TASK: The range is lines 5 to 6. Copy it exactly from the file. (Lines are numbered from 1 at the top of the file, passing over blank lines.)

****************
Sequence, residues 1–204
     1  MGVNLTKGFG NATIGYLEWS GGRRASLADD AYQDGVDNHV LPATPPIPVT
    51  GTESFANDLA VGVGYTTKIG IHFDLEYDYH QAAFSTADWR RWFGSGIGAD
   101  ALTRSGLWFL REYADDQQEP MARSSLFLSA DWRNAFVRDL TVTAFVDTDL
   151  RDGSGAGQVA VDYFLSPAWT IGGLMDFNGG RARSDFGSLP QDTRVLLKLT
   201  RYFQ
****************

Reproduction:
   151  RDGSGAGQVA VDYFLSPAWT IGGLMDFNGG RARSDFGSLP QDTRVLLKLT
   201  RYFQ